Holy Week with The Liturgists

As Lent draws to a close and Holy Week approaches, I wanted to let you know about a cool project I had the pleasure of working on with Michael and Lisa Gungor, Rob Bell, Amena Brown, Aaron Purdy, Mike McHargue and other creative types collectively known as The Liturgists. 

This week, The Liturgists released ‘Garden’—which combines music, prayer, poetry, and spoken word to create an honest and evocative liturgy around Good Friday, Holy Saturday, and Easter Sunday. For my part—Holy Saturday—I adapted and read a post entitled “Holy Week for Doubters.” (But be sure to listen to each entry. You will love "Friday" and "We Believe"...and well all of it.) 

As I look ahead to what’s next in life, this is just the sort of work I hope to do more often. And I hope you, your family, and perhaps your faith community resonate with  ‘Garden.’ 

You can listen here. 

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In Grand Rapids, Michigan tonight (Calvin College)

So I’ll be speaking at Calvin College tonight (April 10) at 7 p.m. in the Chapel about my Year of Biblical Womanhood. The event—(which is connected with the school, not the Festival of Faith and Writing, which is happening concurrently and which I’m also participating in)—is free and open to the public. 

Already I’ve been so warmly welcomed by the students here and by some gorgeous weather. They’ve announced the event with sidewalk chalk, so I’ve walked over my name like four times today. I love college campuses! 

Would love to connect with you in person, so if you come, be sure to say hello. 

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On needing some time…(or, Oh evangelicalism, why can’t I quit you?!)

So your response to Tuesday’s post was so kind and encouraging. Thank you. It really means the world to know I’m not alone, that many of us are wandering this religious wilderness together, taking it one step at a time.

That said, this has been a painful few weeks, and I think I’ve felt some (self-inflicted) pressure to speak from that pain rather than listen to it. 

So I find myself second-guessing the “leaving evangelicalism” language, not because it’s an inaccurate representation of what I’m experiencing, but because I don’t want anyone to think for a moment that this means walking away from the many, many people who identify as evangelical whom I love and respect very much. I have no interest in breaking fellowship with my brothers and sisters in Christ, be they Catholic, Anglican, Lutheran, Methodist, Mennonite progressive or evangelical. After all, we share the most important “label”— the one God gave us—as beloved children of God. (I’m beginning to think any other label might do more harm than good.)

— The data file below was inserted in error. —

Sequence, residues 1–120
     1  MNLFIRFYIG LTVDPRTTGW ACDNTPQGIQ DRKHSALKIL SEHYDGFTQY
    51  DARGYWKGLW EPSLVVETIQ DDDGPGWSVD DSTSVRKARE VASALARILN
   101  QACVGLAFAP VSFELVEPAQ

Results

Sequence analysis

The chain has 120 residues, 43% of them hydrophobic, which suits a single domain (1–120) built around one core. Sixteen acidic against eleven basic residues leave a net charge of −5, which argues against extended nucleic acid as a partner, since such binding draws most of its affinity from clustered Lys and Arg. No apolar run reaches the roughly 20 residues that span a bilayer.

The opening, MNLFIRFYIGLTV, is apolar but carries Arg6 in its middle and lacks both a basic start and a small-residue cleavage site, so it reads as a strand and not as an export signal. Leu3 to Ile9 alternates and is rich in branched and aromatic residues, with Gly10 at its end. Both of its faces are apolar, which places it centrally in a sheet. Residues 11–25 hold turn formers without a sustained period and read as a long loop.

I guess I just convinced myself that if I let go of the investment I have in the evangelical community, this alienation wouldn’t hurt as much. All the flippant “farewells” and hate mail and parody accounts and challenges to my faith wouldn't sting as much if they were coming from the “outside” rather than the “inside." 

Well you know what?

It still hurts. Nothing’s changed.  And the punch in the gut from last week’s World Vision situation (in which 10,000 children lost their sponsorship as a result of an evangelical protests) continues to leave me, and many others, feeling breathless. 

As much as I wish I didn’t care, I still dream of an evangelicalism where both my friend Jen Hatmaker (who wrote this) and my friend Ben Moberg (who wrote this) are welcome at the same table. One baptism. One communion.  One faith.  One family.

Maybe it’s not worth handing that dream over to the loudest, most divisive voices. Maybe it’s worth fighting for.

...Or maybe it's not. 

Maybe it's time to let go and move on and focus exclusively on being the Kingdom among the culture war's many refugees. 

I don’t know. I really don’t.

So I’m thinking that instead of speaking from this place of pain and confusion, I just need to listen for a while. I plan to take some time off blogging, with the exception of a few announcements and guest posts here and there, so I can pray and yell and listen and reflect and maybe reconsider that cereal blog. (I’m kidding…mostly. I got retweeted by Captain Crunch last week, which kinda rekindled the dream.) 

I think a lot of us are working through some feelings of grief as we find ourselves struggling, perhaps for the first time, with our religious identity. May we learn to sit in this grief with open hearts and minds. May God be close the brokenhearted.

Love to you all,

Rach

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